The oncoming conflicts are easily predictable, due to the specter of various characters given from the very first pages. The difference between the protagonist of the Book One – Aadam Aziz, his wife, Padma and the boatman, Tai – is apparent from the beginning of the story. Padma and Tai must be viewed as the tradition bearers, while Aziz belongs to the category of those few dedicated youths whose life becomes a picture of confrontation of two alien cultures. The development of the plot proves that those who personally introduce changes and become a symbol of innovations are doomed to endless conflict and personal drama.
From the beginning it becomes clear that the ancient traditions and culture of India cannot merge or integrate with English ways and life style, and the chances of a few integrated personalities to introduce European lifestyle into Indian society remain theoretical. At this point, the notorious saying - “East is East, and West is West” – appears justified.
Rushdie merges the Indian tradition of unraveling the narrative - with modern literary approaches to the matter. We are supposed to consider several layers of the novel: the chronological succession of facts that happen with the grandfather and grandson is displayed. The said implies parallels and details that interpret life and reality in context with mythology. The likeness of the main hero to the popular image of God Ganesh – a kid with an elephant head, acceptable to Hindu mentality – is decisive in understanding the idea of the narrator. Identifying him with Ganesh is a tribute to the folklore tradition: he was to be mentioned at the starting point of a long and turbulent history. The life of the protagonists – whether Sinai family, or symbolic protagonists, i.e. the country itself, India or Pakistan or Kashmir – introduces a central idea of the novel. Ganesh was the god of wisdom and prudence, also of good luck, invoked at the beginning of a journey [in the novel it signifies a narrative], or when commencing important work. Ganesh was also mentioned at the beginning of sacred writings because he was the legendary scribe of the Hindu epic – Mahabharata.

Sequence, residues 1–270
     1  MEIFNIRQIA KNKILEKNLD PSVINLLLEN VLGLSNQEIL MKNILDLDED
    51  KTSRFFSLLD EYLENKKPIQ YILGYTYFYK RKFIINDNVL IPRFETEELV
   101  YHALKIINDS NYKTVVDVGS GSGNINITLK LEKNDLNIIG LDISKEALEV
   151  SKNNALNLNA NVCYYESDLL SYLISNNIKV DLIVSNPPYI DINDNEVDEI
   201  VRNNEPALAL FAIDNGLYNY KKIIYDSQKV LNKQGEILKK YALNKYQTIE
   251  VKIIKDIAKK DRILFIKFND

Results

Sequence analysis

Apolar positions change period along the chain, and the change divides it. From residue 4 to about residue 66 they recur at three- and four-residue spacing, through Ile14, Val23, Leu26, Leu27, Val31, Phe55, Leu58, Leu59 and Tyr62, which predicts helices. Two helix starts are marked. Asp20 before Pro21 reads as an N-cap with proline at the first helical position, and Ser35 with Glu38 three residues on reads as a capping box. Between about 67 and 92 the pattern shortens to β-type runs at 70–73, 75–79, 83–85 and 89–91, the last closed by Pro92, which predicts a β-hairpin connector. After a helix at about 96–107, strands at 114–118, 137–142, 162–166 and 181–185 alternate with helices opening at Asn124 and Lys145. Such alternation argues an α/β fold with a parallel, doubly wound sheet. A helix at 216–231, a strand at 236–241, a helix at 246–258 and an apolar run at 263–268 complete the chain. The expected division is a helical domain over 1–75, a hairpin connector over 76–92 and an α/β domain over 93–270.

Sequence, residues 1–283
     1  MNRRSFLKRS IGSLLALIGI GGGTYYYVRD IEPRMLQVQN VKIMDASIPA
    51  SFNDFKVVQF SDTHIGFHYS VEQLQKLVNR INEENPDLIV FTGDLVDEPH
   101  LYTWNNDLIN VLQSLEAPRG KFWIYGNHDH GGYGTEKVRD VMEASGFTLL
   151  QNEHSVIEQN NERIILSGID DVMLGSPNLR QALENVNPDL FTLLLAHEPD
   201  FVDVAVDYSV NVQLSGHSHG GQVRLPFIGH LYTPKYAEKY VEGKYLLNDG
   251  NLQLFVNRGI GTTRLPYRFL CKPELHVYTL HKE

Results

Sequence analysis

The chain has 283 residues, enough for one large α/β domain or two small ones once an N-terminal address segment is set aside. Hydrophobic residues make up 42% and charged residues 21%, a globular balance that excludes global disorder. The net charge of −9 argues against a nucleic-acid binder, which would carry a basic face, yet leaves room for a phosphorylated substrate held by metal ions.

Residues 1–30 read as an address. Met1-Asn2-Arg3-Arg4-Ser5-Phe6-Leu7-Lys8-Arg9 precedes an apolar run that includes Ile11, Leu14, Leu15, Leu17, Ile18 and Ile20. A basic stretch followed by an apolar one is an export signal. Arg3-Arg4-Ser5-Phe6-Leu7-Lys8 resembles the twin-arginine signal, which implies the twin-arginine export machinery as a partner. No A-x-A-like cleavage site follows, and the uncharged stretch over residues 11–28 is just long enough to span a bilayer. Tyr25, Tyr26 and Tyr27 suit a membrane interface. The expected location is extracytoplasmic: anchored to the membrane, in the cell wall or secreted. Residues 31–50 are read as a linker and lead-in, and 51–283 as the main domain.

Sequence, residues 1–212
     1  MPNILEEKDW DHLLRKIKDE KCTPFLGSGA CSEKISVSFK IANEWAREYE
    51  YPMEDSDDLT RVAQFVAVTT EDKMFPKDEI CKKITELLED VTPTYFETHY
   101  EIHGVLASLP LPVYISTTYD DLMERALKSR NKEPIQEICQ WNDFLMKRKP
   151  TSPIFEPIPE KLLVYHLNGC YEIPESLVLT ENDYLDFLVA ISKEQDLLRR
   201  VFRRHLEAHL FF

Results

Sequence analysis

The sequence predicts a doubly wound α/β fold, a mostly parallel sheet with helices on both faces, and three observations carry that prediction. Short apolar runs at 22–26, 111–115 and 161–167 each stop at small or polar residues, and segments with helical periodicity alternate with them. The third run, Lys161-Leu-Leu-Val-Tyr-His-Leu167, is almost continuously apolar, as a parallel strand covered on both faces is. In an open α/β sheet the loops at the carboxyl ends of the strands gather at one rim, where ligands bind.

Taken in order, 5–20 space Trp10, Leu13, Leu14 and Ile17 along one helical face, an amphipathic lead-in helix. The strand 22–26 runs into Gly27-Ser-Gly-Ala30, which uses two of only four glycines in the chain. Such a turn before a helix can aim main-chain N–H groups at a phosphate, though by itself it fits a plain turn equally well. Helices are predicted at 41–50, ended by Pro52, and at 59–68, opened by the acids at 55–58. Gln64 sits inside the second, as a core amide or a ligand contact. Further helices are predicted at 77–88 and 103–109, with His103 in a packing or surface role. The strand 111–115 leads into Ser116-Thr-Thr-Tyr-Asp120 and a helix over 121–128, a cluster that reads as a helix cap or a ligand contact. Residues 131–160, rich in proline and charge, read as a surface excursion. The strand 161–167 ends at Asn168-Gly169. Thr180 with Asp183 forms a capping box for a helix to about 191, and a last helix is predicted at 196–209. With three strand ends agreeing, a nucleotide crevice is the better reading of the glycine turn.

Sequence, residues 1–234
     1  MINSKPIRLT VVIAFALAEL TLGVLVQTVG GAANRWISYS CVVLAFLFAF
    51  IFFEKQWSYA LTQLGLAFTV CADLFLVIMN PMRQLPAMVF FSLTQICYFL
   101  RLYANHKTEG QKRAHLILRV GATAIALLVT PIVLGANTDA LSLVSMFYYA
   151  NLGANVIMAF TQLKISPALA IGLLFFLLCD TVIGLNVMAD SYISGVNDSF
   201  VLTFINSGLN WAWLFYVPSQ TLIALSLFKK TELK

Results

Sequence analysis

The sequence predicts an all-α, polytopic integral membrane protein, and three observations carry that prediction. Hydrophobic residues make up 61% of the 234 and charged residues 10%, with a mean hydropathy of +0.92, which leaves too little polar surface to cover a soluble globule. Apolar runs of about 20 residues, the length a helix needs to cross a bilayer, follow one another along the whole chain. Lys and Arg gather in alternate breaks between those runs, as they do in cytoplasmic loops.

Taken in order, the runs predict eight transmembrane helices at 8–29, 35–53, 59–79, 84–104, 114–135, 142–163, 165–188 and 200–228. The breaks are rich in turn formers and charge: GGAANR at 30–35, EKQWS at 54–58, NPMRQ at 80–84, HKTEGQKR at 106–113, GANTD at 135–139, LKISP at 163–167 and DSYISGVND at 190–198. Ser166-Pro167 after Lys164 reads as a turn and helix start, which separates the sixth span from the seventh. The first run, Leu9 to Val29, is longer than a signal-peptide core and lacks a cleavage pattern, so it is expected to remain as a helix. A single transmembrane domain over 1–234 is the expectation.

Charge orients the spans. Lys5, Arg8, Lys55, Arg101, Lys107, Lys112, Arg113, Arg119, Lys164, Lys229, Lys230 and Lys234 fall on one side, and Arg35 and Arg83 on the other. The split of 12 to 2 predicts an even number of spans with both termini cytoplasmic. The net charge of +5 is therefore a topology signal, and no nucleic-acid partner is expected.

Symbolically, the nation itself is a protagonist, with its motherland that became a battleground for its own children. The amount of lapses and ill fate of the nation is almost endless. There are moments when we believe that the whole story is grim, with a sad ending. So, a new Ganesh-figure is summoned as the hope of the optimistic chance and continuation.
Dealing with various layers of the plot is not merely complicated. It also requires an unyielding source of artistic vision, to provide the book with the obligatory element of the masterful lightness and flexibility.
All these elements Rushdie has in abundance, and they are always underlined as the major factor of his literary fame. First of all, he is a brilliant storyteller. He has an inbred skill of keen observance. Equally good is his ability of psychological analysis and sense of humor. These qualities made his work a serious literary event.
Rushdie’s complex vision unites various details and aspects of events. Correspondingly, his passages and sentences reveal several sides of reality. His explanations of facts are deep, interpretations of events - illuminative. At the same time, they are often merged with parody or ironic vision of life.